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The battle to take control of Wizard Home Loans, as reported a few weeks ago by Marquette Turner, is over. Despite expectations that National Australia Bank would take control of the brand and franchise network, the race has been won by Aussie Home Loans.

GE Money has offloaded its Australia and New Zealand mortgage offshoot for an undisclosed amount, but it is likely to be considerably less than the $400 million AUD it paid for it, given the drastic changes in the economic climate.

As part of the deal, the Commonwealth Bank of Australia (CBA) will sell its 33% ownership of Wizard to Aussie Home Loans, whilst at the same time acquiring up to $4 billion AUD of mortgages originated by Wizard, dealing another blow to NAB’s expansion efforts.

The deal suggests that the non-bank sector still has some life in it yet.

The sale of Wizard to Aussie Home Loans is expected to be completed by the end of February 2009, around the same time that CBA will take hold of the first $2 billion AUD of loans by the end of February 2009. CBA remains in discussions with GE Money over acquiring the additional $2 billion of loans.

Simon Turner

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AUSTRALIA has one of the least affordable housing markets in the English-speaking world and it is not just hurting young people wanting to buy their first home, new research shows.

The AMP-NATSEM (The National Centre for Social and Economic Modelling) report – released today – reveals the dream of home ownership is fading for many people.

House prices have jumped 400 per cent between 1986 and 2007 while income has risen just 120 per cent.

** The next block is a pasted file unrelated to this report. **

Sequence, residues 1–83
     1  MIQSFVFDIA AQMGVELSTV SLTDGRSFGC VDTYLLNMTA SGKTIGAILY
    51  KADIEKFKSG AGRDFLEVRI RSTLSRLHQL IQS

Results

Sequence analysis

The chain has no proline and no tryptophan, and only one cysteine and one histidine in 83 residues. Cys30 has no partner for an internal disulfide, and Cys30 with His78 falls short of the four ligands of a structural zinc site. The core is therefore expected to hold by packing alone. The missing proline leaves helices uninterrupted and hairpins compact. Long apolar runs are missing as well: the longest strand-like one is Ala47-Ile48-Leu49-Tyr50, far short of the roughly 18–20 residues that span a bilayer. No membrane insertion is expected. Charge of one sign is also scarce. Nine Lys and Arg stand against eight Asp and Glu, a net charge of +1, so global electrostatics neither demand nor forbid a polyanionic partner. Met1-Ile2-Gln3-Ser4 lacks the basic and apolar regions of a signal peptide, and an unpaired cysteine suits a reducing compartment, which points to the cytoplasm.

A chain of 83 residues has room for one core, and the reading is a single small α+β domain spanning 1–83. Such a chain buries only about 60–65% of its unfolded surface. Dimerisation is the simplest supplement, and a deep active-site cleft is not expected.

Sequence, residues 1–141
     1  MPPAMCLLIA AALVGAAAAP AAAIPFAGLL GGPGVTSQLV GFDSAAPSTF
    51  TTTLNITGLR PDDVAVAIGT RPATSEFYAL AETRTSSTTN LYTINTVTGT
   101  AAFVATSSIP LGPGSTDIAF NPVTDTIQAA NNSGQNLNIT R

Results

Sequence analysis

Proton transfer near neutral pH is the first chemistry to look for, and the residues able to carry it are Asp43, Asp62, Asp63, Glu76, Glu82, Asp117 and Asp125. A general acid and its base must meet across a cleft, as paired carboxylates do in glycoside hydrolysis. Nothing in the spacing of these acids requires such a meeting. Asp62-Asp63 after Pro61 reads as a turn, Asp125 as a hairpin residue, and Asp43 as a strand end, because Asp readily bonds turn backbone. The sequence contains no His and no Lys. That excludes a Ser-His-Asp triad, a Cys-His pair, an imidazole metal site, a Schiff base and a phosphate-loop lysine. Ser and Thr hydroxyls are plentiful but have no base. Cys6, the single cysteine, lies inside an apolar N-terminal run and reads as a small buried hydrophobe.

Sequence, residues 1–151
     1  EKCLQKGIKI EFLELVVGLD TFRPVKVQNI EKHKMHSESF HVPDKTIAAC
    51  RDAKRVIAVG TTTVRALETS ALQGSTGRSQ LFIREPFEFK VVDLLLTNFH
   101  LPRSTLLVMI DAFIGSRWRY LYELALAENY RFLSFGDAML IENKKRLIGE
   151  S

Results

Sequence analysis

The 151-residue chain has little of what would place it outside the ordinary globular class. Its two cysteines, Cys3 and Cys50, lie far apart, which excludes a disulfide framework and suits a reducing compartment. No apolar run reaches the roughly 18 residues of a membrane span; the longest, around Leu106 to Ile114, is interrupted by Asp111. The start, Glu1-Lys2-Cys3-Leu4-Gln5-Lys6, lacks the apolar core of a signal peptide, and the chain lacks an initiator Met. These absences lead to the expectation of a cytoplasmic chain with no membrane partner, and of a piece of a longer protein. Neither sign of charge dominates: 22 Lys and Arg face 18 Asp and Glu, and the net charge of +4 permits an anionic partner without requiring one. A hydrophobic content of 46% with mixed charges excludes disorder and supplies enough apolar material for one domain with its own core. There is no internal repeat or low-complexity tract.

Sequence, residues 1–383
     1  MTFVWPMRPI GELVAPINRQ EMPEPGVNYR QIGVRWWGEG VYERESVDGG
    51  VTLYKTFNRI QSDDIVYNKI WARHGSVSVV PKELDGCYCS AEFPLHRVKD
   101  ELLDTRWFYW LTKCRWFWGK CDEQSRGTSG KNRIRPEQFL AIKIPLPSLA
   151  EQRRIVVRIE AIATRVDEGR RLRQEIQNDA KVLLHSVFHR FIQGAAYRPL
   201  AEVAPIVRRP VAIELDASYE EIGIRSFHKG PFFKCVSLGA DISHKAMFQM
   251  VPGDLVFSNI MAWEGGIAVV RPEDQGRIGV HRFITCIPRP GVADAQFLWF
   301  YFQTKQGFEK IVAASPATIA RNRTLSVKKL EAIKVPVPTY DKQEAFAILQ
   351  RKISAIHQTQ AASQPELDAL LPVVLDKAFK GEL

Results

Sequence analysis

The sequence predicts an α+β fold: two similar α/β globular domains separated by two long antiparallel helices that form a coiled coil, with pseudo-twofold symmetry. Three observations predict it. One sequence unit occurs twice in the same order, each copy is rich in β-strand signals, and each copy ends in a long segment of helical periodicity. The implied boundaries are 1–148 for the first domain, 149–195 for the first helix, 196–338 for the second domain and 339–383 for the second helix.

The report – Wherever I lay my debt, that’s my home – compares the 1995-1996 housing situation to the latest available data from 2005-2006.

Disposable income

It showed households needed 7.5 times their annual disposable income to buy a typical house in 2006, up 53 per cent from 1996 when households needed five times their disposable salary.

“Buying a home has always been a great Australian dream but it is fast becoming out of reach for many,” managing director of AMP Financial Services, Craig Meller said.

“Even those who may have been in the housing market for an extended period are likely to be feeling the strain.”

State by state

NSW is the country’s least affordable state, with homes costing 8.3 times annual disposable income – up almost 40 per cent on 1996 figures – while the Northern Territory is relatively cheap at five times disposable income.

Western Australia isn’t far behind NSW at 7.45 times annual disposable income after a 63 per cent surge in 10 years, while Tasmania saw the biggest jump, up 65 per cent to 6.1 times annual disposable income.

Compared with other English speaking industrialised countries, Australia has one of the least affordable housing markets with nearly 90 per cent of areas surveyed considered severely unaffordable.

Western Australia’s Mandurah is one of the most unaffordable places surveyed, ranked sixth behind centres such as Los Angeles and San Diego, in the US.

Queensland’s Sunshine Coast is ranked seventh least unaffordable while the Gold Coast and Sydney both ranked 11th.

Young and old

But it is not only the younger generation which is suffering from crippling housing affordability.